Which areas of technology innovation do you foresee will make a significant change to buy-side trading in the next five years? 

It is more and more common to see buy-side firms seeking to eliminate ‘keying risk’ when executing orders and this area will continue to grow quickly. We built our own internal Order Management System (OMS) and EMS a few years ago, but we have now partnered with Quod Financial who will be handling the EMS-side going forward. Maintaining your own EMS systems can be costly and can consume a lot of developers’ time, which could be spent on more important tasks like strategic projects benefitting the firm’s wider objectives. Connectivity craftsmanship is also expensive and time consuming from a research point of view. When creating your connectivity, you need to consider the microstructure and quirks of each venue.  This task takes time, is expensive and changes all the time. So, the build vs buy conundrum will continue over the next few years.
Algorithms will continue to improve. Tier 1 dealers have long used real-time visualisations to monitor their own hedging behaviour, plots paid/given overlaid on the primary markets and incoming client orders and hedging trades. I feel such tools are likely to be extended to the buy-side over time to provide clients with a better understanding of algo behaviour.

The machine and trader partnership will continue to expand.  Trader tools will become easier to use with the additional help from machine learning and artificial intelligence. Machine learning and artificial intelligence will play an ever-increasing role not only for quant driven strategies, but also asset management firms as well as in our daily lives going forward.

Do you have any recommendations of how TCA or visualisation technologies can be used to optimise execution?

We do our own internal TCA. Since partnering with Quod Financial, we have begun exploring data visualisation technologies further. One example is Elastic’s Kibana software. Kibana makes manipulating the data a lot easier than writing queries and can be done as soon as the order has been completed. We also use various internally developed algo playback GUIs which we can use post-trade.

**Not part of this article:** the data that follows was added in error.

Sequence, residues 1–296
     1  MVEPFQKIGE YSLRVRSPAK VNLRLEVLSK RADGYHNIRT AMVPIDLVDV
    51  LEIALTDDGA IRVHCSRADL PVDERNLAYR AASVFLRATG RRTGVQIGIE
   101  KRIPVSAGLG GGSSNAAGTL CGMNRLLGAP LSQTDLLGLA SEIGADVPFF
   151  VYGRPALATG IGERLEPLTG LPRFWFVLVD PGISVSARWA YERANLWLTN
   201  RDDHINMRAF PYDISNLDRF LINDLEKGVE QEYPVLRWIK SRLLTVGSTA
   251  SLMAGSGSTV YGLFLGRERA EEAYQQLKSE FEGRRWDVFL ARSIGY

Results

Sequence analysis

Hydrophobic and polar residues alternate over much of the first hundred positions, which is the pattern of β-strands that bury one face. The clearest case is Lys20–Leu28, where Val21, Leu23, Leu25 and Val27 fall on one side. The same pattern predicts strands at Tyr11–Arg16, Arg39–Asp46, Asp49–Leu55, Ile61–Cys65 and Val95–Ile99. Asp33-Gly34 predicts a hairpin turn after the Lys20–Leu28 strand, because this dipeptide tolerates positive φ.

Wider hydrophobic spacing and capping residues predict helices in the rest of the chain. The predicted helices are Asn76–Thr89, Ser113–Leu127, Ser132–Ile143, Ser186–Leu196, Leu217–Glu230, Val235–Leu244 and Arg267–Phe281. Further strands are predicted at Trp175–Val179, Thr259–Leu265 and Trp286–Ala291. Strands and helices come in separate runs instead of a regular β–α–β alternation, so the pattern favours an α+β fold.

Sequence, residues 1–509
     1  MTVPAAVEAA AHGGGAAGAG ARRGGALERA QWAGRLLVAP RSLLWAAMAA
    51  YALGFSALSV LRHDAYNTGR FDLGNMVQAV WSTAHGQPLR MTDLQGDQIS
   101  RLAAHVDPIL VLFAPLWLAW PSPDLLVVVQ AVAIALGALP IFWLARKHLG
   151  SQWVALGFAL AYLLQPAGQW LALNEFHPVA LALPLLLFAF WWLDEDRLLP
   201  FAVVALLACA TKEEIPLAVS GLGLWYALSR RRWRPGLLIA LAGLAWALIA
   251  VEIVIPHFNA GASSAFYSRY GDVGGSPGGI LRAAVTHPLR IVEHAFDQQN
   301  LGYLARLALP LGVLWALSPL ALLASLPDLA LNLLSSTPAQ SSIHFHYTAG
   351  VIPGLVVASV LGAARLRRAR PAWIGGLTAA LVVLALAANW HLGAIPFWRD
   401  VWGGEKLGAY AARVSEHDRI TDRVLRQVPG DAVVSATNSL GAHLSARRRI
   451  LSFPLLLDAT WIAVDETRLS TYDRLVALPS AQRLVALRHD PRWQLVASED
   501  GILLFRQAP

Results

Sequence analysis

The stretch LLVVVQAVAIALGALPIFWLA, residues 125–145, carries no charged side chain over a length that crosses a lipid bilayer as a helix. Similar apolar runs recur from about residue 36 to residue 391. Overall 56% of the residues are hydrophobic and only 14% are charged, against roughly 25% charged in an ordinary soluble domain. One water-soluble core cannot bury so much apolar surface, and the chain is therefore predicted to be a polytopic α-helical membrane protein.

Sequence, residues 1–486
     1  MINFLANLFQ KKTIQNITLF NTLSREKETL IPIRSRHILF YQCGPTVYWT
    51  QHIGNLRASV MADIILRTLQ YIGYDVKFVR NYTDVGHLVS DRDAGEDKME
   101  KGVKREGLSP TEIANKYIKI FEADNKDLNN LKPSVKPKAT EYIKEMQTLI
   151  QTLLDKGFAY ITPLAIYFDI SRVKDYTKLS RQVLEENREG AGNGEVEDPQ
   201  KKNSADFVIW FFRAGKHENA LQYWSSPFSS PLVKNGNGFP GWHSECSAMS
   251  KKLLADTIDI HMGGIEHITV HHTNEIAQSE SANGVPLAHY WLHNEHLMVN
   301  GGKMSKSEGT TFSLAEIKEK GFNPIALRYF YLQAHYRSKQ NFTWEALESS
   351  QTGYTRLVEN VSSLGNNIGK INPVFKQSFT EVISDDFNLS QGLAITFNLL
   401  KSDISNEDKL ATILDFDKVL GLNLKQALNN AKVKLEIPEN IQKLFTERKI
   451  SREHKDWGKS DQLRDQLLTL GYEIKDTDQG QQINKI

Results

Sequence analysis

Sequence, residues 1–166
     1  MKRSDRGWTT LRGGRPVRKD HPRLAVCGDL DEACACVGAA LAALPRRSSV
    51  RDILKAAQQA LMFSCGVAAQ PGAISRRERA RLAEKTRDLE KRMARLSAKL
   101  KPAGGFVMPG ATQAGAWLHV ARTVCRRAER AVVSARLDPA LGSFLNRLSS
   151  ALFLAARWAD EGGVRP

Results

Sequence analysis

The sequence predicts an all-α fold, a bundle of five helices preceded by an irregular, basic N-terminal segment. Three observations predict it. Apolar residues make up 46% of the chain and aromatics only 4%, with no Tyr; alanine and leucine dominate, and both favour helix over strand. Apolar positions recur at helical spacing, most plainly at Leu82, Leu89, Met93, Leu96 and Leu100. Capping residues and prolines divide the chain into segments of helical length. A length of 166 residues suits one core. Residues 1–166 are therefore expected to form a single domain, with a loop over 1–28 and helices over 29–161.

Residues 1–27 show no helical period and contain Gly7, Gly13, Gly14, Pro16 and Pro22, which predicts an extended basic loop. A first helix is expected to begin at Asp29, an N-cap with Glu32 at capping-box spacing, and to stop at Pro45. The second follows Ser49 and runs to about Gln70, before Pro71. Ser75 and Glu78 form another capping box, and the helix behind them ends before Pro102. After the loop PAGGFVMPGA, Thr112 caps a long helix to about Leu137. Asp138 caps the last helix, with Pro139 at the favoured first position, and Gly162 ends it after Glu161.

Benchmarking in different ways gives us more insight on a number of data points such as:

  • Arrival, Cost to execute immediately, Interval VWAP, percentage of spread

  • By time of day, days to expiry

  • Incremental value of adding additional Liquidity Providers (LPs)




How do you see the counterparty landscape evolving?

One word, consolidation. We have seen consolidation across pretty much all industries. I believe that investment firms will be working more closely with their key partners going forward rather than having 20 LPs and that the number of Electronic Communication Networks (ECNs) will diminish. You can see the consolidation in the FX rankings and recent news articles about ECNs/platforms. I feel this theme will continue.

How did you get into the trading role at Aspect Capital? 

I started my career in the late 90’s at ED and F Man, better known as Man Group these days. I worked my way around Man on various trading floors and broking desks. After completing a few trading exams and the SFA Registered Representative exam (as it was known then) I joined one of the Financial Futures executing broking desks within Man. The busy desk executed Futures and Options on behalf of Hedge Funds, Banks and Pension Funds and provided trade ideas. From there I moved to the systematic hedge fund within Man, known as AHL, where I spent most of my time on the FX and FI execution desk. After leaving Man, I joined ICAP for a brief period and from there I made the transition to Aspect Capital where I have been working on the execution desk for the past 6 years.

Who is Alex Clark outside of your senior buy-side trading role?

This is a little bit cliché but the bulk of my time outside of the trading role is spent with my family. My wife and I are kept very busy at weekends ferrying our two boys to football matches, athletic clubs and so forth. I enjoy all sports and try to stay in shape in order to keep up with my two very active boys!  I was an avid squash player pre-children, playing in various leagues and for various clubs, but I just play recreationally these days about 2/3 times a week. I’ll dust off the golf clubs every now and then and when the boys get a little bit more independent, I’ll try and get my handicap down to the level it was pre-children. I enjoy sports science books and how data and analytics has improved sporting achievements over time, and who doesn’t love the odd boxset binge these days?

bottom of page